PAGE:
Friday, 10 February, 2006
Taking in the night life - Shibuya
This evening was perhaps the most fun I've had in Japan, both trips included. After a reception hosted by one of our Japanese suppliers, we had dinner at a little Chinese restaurant somewhere near our hosts office. He then dropped us off at our hotel. David and Matt decided to call it a night, and I thought I might, too. But then I decided to get a feel for Tokyo at night. What a blast!
Leaving my camera and any excess baggage in my room, I headed for Shibuya station. Yes, it's one of the city's night life hotspots, but I didn't go there looking for drinks and women who like foreigners. I had heard that Shibuya is one of the night life spots for the locals, and I thought I'd get an interesting feel for the people if I just wandered around the station a bit. I didn't take the camera because I didn't want to be viewed as too much of a tourist. But now I don't have any pictures. Next time I'll just look like a tourist.
Stepping out of Shibuya station, the first thing I noticed was lights. Everywhere. I've never lived in a big city, so the whole concept of a subway is a little foreign to me. Add to that the thousands of people skittering hither and yon, and the lights ... a poor old country boy like me is captivated. And confused.
There were performers set up just oustide the train station, kindly taking turns entertaining the crowd and trying to sell their CDs. For the most part it's young men (hardly more than boys) with guitars or a music box that plays a popular tune while the boy sings. It was 35 degrees tonight with a good wind blowing, and there were pleny of girls out there admiring the singers. A couple of the singers were pretty good, although they lacked the raw voice that characterizes so many Western pop singers. I wonder if it's a cultural thing--they never really learn to scream, so they can't scream into the microphone.
I bought one CD by a group called モズキング, which is Katakana for "Mozuking". I don't know what it means, but when you think about it "Deep Purple" isn't all that meaningful, either. It's reasonably good music. A couple of guys playing their guitars and singing. One of them also plays the harmonica.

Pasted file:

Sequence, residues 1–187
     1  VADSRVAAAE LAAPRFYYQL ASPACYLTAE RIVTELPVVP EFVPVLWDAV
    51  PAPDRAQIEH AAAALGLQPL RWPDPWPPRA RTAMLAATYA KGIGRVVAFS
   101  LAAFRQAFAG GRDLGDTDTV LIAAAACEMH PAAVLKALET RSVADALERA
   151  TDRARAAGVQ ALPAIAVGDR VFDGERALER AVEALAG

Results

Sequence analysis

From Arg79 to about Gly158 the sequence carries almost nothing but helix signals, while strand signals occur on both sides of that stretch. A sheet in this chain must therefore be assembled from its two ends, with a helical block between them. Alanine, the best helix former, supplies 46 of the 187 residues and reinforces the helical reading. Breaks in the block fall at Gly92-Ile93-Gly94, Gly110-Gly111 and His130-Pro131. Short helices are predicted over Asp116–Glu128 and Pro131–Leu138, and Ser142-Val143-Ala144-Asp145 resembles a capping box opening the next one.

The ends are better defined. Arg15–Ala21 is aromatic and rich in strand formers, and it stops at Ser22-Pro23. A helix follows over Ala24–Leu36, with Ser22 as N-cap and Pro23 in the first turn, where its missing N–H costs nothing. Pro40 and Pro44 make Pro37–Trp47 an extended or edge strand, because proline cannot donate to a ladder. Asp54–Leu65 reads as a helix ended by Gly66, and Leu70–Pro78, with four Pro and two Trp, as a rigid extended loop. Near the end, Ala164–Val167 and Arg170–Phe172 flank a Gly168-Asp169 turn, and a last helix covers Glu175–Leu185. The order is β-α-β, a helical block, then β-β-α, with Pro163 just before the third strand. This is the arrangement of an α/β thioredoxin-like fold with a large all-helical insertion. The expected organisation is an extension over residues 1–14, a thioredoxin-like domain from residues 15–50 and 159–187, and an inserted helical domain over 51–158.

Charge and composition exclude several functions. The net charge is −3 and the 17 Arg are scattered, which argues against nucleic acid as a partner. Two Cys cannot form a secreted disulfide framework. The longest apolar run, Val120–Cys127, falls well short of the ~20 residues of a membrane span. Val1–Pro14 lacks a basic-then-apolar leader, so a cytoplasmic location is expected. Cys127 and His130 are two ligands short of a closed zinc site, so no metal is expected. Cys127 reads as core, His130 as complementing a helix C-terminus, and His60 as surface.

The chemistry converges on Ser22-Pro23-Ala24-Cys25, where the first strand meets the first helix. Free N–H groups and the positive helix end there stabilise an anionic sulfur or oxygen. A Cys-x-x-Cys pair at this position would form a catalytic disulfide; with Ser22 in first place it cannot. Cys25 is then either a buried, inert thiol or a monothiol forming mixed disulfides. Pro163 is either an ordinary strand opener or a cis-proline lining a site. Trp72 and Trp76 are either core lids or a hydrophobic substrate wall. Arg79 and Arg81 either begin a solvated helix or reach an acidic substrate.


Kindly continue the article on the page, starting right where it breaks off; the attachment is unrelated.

The group Glide Age was giving out samples of their latest demo CD called "My Life". Only three of the five members were out performing last night, and I think the girl was there under duress. She was bundled up with a heavy coat and scarf, her hands freezing as she played the keyboards. Their demo CD is much more polished than what I had expected after hearing them perform at the station. I prefer them without all the fancy production stuff that they used on their demo.
Somebody gave me a flyer for the group High-style while I was watching them. These two young men had quite a crowd of girls gathered around. I don't know if it's their almost feminine good looks or their singing, but it was obvious that the girls liked them. These two don't play any instruments but rather put on a recorded backup track (drums and keyboards, mostly) and sing along with it. Think karoake done right (i.e. by people who can actually sing), and you'll get the idea. They really are quite good.
During one intermission (time between groups performing), two guys sitting near the smoking area pulled out their drums--they looked like traditional Japanese drums--and beat out a tune for about five minutes. That was the best performance of the night, and I was very disappointed that they didn't have CDs for sale and I hadn't recorded any of it. It really was something.
I caught the train bound for my hotel a little too late, and ended up at Nagatachō station with no train to take me the rest of the way. So I walked upstairs and got a taxi. It cost me almost 1,500 yen ($15 U.S.) for a taxi from Nagatachō to Jimbōchō. The same trip on the subway costs 190 yen. Don't miss your train.